By on February 6, 2020

2019 Mini Cooper Oxford front quarter

2019 Mini Cooper Hardtop Oxford Edition

1.5-liter turbocharged inline three (134 hp @ 4,400 rpm, 162 lb-ft @ 1,250 rpm)

Six-speed manual transmission, front-wheel drive

28 city / 38 highway / 32 combined (EPA Rating, MPG)

36.1 (observed mileage, MPG)

Base Price: $20,600 US

As Tested: $20,600 US

Prices include $850 destination charge in the United State

I’ll admit it. I’m a bit of an Anglophile — at least in the automotive realm. I don’t take any interest in the drama surrounding England’s monarchy, nor do I drape my clothing with any form of the Union Jack. I’ve simply come to enjoy the cars of the British motoring industry.

After all, I did spend many nights and weekends as a kid rolling around a cold concrete floor, dusted in stale Castrol and kitty litter, helping to get my dad’s 1970 MGB running. I lost a pair of eyebrows to a massive backfire while sorting out tuning issues on the pair of SU carburetors. And I fondly recall the 2002 Mini Cooper S my dad and stepmother bought new — a car she still owns fifteen years after dad’s passing.

So when a new British car passes my way, I’m sure to take notice. Especially when it’s a car that has potential to create new young enthusiasts. This 2019 Mini Cooper Oxford Edition is one of those things — a bargain-price runabout that promises affordable fun.

2019 Mini Cooper Oxford profile

Unfortunately, I can’t buy this one. Mini offers this Oxford Edition only to current college students, recent college grads, active duty US Military members, and recent retirees. On top of a price (before delivery) for a base Mini Cooper of $21,900, you add these 17-inch alloy wheels, a panoramic moonroof, and heated front seats — and the price drops!

Automatic transmission is standard, but a manual transmission (as found on my tester) is a no-charge option. Mini lists the Oxford edition for the discounted price of $19,750 (2-door) or $20,750 (4-door), plus destination charges.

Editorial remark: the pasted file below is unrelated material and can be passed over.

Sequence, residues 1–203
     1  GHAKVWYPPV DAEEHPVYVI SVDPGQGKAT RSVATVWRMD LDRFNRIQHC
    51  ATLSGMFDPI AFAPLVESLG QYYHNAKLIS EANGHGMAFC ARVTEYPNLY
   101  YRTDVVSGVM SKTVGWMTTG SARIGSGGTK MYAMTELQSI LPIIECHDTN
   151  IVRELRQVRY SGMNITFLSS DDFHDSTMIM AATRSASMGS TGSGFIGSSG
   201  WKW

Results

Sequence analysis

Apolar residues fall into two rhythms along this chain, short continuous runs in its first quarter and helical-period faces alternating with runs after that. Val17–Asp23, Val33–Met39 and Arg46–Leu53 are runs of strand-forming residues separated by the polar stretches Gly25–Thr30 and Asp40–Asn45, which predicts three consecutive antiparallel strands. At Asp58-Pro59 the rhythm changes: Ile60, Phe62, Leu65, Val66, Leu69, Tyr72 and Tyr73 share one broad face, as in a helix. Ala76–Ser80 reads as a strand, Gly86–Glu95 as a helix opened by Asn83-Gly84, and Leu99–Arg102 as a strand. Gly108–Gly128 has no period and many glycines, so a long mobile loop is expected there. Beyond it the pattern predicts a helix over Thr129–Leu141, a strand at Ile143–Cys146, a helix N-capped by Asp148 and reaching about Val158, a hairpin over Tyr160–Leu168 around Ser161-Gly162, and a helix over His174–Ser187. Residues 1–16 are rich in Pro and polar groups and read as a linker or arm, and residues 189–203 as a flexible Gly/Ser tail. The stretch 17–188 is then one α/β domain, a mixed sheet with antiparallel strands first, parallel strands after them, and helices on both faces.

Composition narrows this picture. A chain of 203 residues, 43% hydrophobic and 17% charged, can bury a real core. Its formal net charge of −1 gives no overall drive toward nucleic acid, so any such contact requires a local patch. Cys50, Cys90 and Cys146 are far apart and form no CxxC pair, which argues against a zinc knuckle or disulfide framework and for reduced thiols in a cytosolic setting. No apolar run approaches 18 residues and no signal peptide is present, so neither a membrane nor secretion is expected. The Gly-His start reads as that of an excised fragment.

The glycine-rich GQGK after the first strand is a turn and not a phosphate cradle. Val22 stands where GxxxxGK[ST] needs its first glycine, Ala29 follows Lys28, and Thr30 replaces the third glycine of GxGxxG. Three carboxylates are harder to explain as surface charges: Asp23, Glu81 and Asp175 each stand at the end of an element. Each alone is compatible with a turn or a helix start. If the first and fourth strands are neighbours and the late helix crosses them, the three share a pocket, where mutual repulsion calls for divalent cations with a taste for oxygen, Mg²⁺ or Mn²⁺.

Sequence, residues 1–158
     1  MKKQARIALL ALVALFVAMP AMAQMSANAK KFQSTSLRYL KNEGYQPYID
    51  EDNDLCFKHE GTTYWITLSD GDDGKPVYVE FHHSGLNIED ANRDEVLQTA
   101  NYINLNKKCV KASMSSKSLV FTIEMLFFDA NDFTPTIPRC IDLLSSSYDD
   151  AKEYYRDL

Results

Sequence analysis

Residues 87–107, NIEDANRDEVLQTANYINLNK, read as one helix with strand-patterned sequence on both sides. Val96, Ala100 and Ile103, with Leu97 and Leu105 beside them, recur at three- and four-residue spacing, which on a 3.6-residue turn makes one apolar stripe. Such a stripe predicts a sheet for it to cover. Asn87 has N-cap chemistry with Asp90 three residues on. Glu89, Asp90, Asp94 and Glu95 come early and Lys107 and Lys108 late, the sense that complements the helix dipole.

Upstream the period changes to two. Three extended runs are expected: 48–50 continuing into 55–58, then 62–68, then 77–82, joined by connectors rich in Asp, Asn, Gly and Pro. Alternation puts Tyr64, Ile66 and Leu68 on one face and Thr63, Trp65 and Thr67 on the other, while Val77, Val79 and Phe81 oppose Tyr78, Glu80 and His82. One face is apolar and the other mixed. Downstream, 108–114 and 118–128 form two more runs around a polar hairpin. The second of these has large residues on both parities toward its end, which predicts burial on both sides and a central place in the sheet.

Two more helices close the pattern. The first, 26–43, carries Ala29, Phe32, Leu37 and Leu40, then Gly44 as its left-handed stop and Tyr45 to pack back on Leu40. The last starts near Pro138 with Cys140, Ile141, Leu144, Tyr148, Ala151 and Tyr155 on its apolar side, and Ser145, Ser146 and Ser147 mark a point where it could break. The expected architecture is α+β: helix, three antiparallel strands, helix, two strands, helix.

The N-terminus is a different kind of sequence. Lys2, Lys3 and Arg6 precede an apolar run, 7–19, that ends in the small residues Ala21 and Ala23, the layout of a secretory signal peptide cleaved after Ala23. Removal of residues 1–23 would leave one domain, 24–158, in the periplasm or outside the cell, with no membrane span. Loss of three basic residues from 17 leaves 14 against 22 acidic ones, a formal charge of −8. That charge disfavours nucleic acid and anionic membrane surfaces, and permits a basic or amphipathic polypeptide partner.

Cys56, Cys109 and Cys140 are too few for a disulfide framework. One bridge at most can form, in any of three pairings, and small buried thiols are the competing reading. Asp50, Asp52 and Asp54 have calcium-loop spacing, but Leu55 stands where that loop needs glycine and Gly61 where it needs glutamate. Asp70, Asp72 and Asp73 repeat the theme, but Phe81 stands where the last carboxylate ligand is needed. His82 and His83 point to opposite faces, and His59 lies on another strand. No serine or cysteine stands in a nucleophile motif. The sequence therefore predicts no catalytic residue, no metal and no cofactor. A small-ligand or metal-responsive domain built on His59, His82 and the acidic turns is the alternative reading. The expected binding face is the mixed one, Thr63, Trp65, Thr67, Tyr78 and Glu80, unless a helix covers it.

If you’re anything like me, you’ve surely spent a few too many minutes on the build-and-price tool over the years, specifying a two-door hot hatch to a price well over $50k for some reason. At this price, the Oxford Edition presents something we haven’t seen out of England since the days of Lucas electrics: a real bargain.

2019 Mini Cooper Oxford front

No, it’s not a performance car. With just 134 horsepower to move 3,627 pounds, it’s nowhere near what we’d call a hot hatch. Yet this basic Mini is simply a pleasure to drive. The steering is light and direct, with very little body roll to the suspension. The shifter has similarly light, not-too-long throws. The clutch action is light and progressive. If you’re looking for a car to introduce the beauty of manual transmissions, you’d struggle to do better than a three-cylinder Mini Cooper.

2019 Mini Cooper Oxford interior

A few months ago, I reviewed the hotter Mini John Cooper Works model — that one featuring a 228 horsepower turbocharged engine paired with an automatic transmission. This time around, I worried that I’d struggle to release the clutch with the driver’s seat adjusted to fit both myself in the front (six feet, four inches tall) and my kids (both over five feet tall) in the rear.

[Get Mini Cooper pricing here!]

I needn’t have worried. I had plenty of room, as did the kids. While they wouldn’t be happy on a long road trip, an hour in traffic didn’t cause any more than the usual tween angst.

2019 Mini Cooper Oxford front seat

For the target market for the Oxford Edition, this is a great choice. The driver and a single passenger have plenty of room, and the folding rear seat reveals a hatch area large enough to move everything out of the dorm. You might need to borrow a truck when you go to IKEA for furniture, though smaller flat-pack boxes should fit fine.

Visually, the only thing that distinguishes the Oxford Edition from a base Mini Cooper are the 17-inch alloy wheels. I’m generally not a fan of big alloys on an otherwise basic car — but at 205/45-17, the tires have enough sidewall to soak up most road imperfections. The bigger wheels here nicely dress up a car that has become nearly ubiquitous in the past two decades.

2019 Mini Cooper Oxford rear seat

I’m afraid the biggest problem with the Mini Cooper Oxford Edition is the lack of buzz. I had no idea that it existed until it showed up at my doorstep. To be fair, I’m not the target market — but the younger folks I know hadn’t heard about a budget-friendly Mini Cooper, either.

Looks like I need to enroll in grad school or hope that, in a few years when the eldest is off to school, Mini is still offering this deal. She can drive my old SUV — dad wants a cheap Mini.

2019 Mini Cooper Oxford rear quarter

[Images: © 2020 Chris Tonn/TTAC]

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38 Comments on “2019 Mini Cooper Oxford Edition – Mini for Millennials...”

  • avatar
    Dave M.

    Wow, that’s a very reasonable price. Just to be clear, you can’t add any other options (like BSD and LED headlights….)?

  • avatar

    “move 3,627 pounds”

    Say what??? That’s gotta be a typo.

    • 0 avatar

      That’s what the website says.

      It’s absolutely unbelievable. My similarly sized Bolt weighs a hundred pounds less, and it has 60 kWh of batteries under the floor.

    • 0 avatar

      Then it’s gained half a ton since last year. Gotta be a typo in the press kit.

      • 0 avatar

        2700lbs – def a typo

        • 0 avatar